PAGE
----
Even though most e-commerce companies have already experienced the greatest boom their industry will likely ever see, there are still reasons to invest in them. This industry was heavily sold off during 2022 as businesses came up against tough comparisons. Though many have seen strong rebounds in 2023, plenty of reasons to buy them remain.

At the top of my list of top e-commerce stocks are Shopify (SHOP -0.05%) and MercadoLibre (MELI 0.29%). Read on to find out what makes these two great buys now and why they will be excellent investments over the next decade.

Shopify

At one time, it was thought that no small- or medium-sized business could compete with Amazon. However, tools from Shopify made it possible for smaller competitors to succeed.

Shopify's product suite includes all the basics to launch an e-commerce store, including inventory tools, credit card processing, and online store templates for just $39.99 per month. However, it also has products that allow its clients to step up their commerce game, including international products, point-of-sale solutions for physical retail, and a proprietary payments platform.

After reporting Q1 results and various business moves, investors sent the stock 25% higher. So what caused this jump?

Shopify had ambitious plans to offer a fulfillment network and acquired a vast warehouse network to achieve this goal. However, the company announced in its Q1 results that it is no longer pursuing this goal as it sold most of its logistics business to Flexport. Because Flexport is now the official partner for Shopify shipping, the transition should be relatively smooth and Shopify customers shouldn't see a difference.

This was a positive move for investors as the entire initiative wasn't in line with Shopify's software-based product line, which provides higher margins over the long term. On the flip side, Shopify sold its logistics investments at a heavy loss, as the sale is valued at $1.04 billion. Compared to its $2.1 billion Deliverr acquisition just under a year ago, not to mention all of its other investments like Six River Systems and the various warehouse network, this is a serious writedown.

But, the market is a forward-looking entity, and even though this likely wasn't the best use of capital to start, Shopify isn't burning a hole in the ground to make it work -- which is why investors viewed this move as positive.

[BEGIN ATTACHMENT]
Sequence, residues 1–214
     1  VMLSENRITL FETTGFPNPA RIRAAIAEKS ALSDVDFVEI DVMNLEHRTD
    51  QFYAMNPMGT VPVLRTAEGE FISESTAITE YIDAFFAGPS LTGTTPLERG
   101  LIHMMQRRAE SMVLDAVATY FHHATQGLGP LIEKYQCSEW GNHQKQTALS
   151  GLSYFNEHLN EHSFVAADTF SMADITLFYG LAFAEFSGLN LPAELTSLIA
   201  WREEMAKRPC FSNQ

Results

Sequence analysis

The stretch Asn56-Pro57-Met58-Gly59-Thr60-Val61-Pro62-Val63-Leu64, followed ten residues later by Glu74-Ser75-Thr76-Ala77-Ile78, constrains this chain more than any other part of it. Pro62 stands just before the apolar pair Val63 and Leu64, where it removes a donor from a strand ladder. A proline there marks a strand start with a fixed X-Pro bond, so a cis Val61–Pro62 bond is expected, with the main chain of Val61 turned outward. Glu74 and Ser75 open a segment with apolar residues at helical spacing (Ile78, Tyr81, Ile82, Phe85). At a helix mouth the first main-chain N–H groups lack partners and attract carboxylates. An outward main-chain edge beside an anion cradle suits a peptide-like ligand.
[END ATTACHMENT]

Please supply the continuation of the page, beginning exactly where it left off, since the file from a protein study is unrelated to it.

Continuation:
Beyond its sale, Shopify reported a great quarter, with revenue up 25% to $1.5 billion. Still, the company reported an operating loss, losing $193 million in Q1. But after the spinoff of its logistics business, its margins should improve as the logistics industry is capital intensive. Also, Shopify announced another round of layoffs, affecting 20% of its employees -- a move that will boost margins over the long haul.

Of course, at 13.6 times sales, Shopify's stock isn't cheap. However, it is still below its pre-COVID valuation, showing investors they aren't drastically over-paying for the stock. But with its essential role in e-commerce for smaller competitors, it will continue to be a force in the industry for years.

MercadoLibre

Few stocks have managed to keep up their rapid growth rates post-COVID like MercadoLibre. MercadoLibre is the e-commerce leader in Latin America and has products for digital payments, consumer credit, an e-commerce website, and shipping logistics. Often dubbed "the Amazon of Latin America," MercadoLibre is one of the few companies living up to an ambitious comparison.

In Q1, MercadoLibre grew revenue at a 58% year over year currency-neutral (FX) basis. Digging in a bit deeper, MercadoLibre's commerce revenue growth accelerated to 54%, the highest figure in at least five quarters. This was coupled with fintech revenue slowing to 64% growth because MeracadoLibre is no longer aggressively growing its credit division (because it saw a rapid spike in past due debts).

Last year, it was fintech that powered MercadoLibre. This year, it's looking like commerce will take the reigns, with shipping fees and ad revenues increasing MercadoLibre's take rate (how much the company makes for every dollar spent on its commerce platform).

Unlike Shopify, MercadoLibre is already profitable, posting a solid 6.6% profit margin, up from 2.9% last year. Still, MercadoLibre trades at an expensive 105 times earnings because it's still working on optimizing itself for profits. Therefore, the price-to-sales ratio gives investors a better idea of how the valuation stacks up historically.

MELI PS Ratio Chart

MELI PS Ratio data by YCharts. PS Ratio = price-to-sales ratio.

With MercadoLibre still well below its historical valuation range, investors don't need to worry about overpaying for the stock, even though it has risen over 50% in 2023. Plus, with Latin America's economic purchasing power likely to rise over the next decade, MercadoLibre is perfectly positioned to take advantage.